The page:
Not everyone was in the disco in the '70s.  

Tuesday, January 12, 2010

Outing Bayard Rustin

Merced, California is a former farm town/Air Force base bedroom community that's experienced a lot of changes in the 30 years since I last lived here.

We got the second-largest settlement of Hmong refugees placed here back in the late '70s, Castle Air Force Base (where I was born) was de-commissioned, and the tenth University of California campus opened here about five years ago.  Michelle Obama was the commencement speaker, and did a fine job on a sweltering 100+ degree July day.  That's summer in Merced.

I've become semi-active in our PFLAG chapter, and try to keep abreast of developments.  The Prop 8 federal case will be the first to address whether or not marriage equality for same-sex couple is a right guaranteed under the California State and U.S. Constitutions

I think the case for overturning Prop 8, which mandates that marriage shall only be between a man and a woman, is strong.  And I also think that we'll lose this time.  So far, it's been the matter of equal treatment under the law that's been stressed.  I think the real linch-pin will be that Prop 8 passed with only about 53% of the vote; the California State Constitution clearly states that a two-thirds majority is necessary to make any amendments to the Constitution.

If one does the math, 2/3 is 66.67% - far less than 53%. 
This however, is not a point that's being addressed by the plaintiffs in this possibly-historic case.
The Merced Sun-Star had a small squib about this coming Monday's Martin Luther King, Jr. Day march and festival.   This year's theme is "Unity."

We'll march from the Amtrak station to the fairgrounds, and then the various speakers will speak, and the booths and exhibits of various organizations will be available for perusal.  PFLAG, however, didn't think to inquire about the event, so we won't have a booth there.  

But, there's always the food.

And there's always next year.

I called the contact who's co-ordinating the event, gave her my name, and asked if PFLAG would be welcome to be a presence in the march.  I also explained that PFLAG stands for "Parents and Friends of Lesbians and Gays," and said that, as Dr. King had said that "None of us is free until all of us are free," we'd like to participate.  Bayard Rustin, I went on, the man who had organized the historic March on Washington, D.C., was gay, but was kept in the closet because it was felt (at the time) that the issue of civil rights should focus on oppression of the Negroes (I'm using the terminology of the time).  Gently, I inquired whether, with this issue having been placed, in essence, on the back burner, whether it wasn't time to let gays and lesbians participate equally - moving to the front of the bus.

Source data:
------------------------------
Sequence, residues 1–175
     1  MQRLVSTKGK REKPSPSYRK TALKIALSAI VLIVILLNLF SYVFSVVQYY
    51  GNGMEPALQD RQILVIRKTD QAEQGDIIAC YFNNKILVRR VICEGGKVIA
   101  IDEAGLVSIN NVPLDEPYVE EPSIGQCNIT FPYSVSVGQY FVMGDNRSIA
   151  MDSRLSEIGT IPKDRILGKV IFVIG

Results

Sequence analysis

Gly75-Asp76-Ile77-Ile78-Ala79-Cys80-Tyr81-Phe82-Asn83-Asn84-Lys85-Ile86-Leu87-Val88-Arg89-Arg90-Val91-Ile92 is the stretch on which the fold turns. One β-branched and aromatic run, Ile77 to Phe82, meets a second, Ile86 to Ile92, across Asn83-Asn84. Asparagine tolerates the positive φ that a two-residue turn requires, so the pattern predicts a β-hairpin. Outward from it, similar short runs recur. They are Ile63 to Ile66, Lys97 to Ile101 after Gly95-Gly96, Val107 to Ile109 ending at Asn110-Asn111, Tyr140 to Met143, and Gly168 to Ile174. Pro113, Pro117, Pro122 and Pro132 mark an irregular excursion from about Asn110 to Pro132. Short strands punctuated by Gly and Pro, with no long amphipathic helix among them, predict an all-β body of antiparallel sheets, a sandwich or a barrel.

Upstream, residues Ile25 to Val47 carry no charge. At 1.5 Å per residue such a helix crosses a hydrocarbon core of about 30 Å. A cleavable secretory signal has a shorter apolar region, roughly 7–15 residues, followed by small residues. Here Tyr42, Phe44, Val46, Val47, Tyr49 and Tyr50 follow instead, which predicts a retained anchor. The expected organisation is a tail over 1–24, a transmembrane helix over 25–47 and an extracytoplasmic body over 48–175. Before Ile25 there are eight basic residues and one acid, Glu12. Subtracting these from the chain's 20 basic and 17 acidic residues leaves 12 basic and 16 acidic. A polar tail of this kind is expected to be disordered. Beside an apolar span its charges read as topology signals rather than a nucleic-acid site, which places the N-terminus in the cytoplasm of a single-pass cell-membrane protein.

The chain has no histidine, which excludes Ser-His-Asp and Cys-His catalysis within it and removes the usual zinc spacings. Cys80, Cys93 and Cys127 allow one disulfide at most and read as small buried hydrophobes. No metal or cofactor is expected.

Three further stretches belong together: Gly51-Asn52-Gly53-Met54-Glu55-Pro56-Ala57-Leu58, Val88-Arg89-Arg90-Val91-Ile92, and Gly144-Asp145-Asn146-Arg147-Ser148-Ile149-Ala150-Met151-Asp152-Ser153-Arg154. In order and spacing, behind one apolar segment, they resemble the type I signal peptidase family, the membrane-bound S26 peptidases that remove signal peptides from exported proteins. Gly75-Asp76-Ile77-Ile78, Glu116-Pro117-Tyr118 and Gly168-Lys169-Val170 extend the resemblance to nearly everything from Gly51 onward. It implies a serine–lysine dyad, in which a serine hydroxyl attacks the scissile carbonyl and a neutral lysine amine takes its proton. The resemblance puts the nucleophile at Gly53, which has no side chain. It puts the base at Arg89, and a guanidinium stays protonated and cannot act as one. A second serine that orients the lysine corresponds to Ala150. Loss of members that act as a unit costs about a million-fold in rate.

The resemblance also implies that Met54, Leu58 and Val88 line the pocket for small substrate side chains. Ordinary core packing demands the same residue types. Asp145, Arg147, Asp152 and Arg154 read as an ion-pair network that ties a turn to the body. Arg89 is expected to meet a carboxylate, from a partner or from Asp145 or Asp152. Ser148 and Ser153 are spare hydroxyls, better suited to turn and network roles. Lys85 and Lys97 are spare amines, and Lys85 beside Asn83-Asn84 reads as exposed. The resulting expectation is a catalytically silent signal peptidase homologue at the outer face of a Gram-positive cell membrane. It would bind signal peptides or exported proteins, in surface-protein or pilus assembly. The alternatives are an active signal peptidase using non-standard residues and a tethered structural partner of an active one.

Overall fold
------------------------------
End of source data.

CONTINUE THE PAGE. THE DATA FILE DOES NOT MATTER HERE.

The contact thanked me for raising the question, and said my timing was good.  There's to be an organizational meeting this afternoon, and she'll bring up the topic.  

She took my name and number, and promised to call me back.

So, while waiting, I printed out a copy of my PFLAG Christmas card to President Obama, and got a mild brain storm.

If we're approved, we'll march.  I prepared five small placards:  the first (with PFLAG logo and rainbow letters in the title) says, "PFLAG - Unity for All."

The next is a portrait of Dr. King (Web search and graphics programs are a marvel).  Dr. King's name is below the portrait (as if his image weren't familiar to all).

The next says:  "None of us is free until all of us are free." - Dr. Martin Luther King, Jr.

The next is a portrait of Bayard Rustin, with his name below.  I think this one will puzzle on-lookers.

The final placard says "Bayard Rustin organized the March on Washington, D.C.  Bayard Rustin was gay."

I'm looking forward to it.

Being the clever-boots artist I am, I'm also contemplating (for this coming summer's Pride Celebration in Modesto - the closest one to Merced) some t-shirts.

Picture this:  A black and white image of Rustin with below it the name "BAYARD RUSTIN."  The first and last names will be in large block letters, the first name on top of the last name . . . and how nice that there are six letters in each name to match the six colors of the gay pride flag.

I'm looking foward to that, too.

Sunday, January 10, 2010

A Letter to the Bishop - May 2001

Here is some Wikipedia information about Anita Hill - not the Anita Hill of the Clarence Thomas Supreme Court nomination controversy, but a Lutheran minister.  As I've copied it direct from Wikipedia, it contains several links to other Wikipedia entries.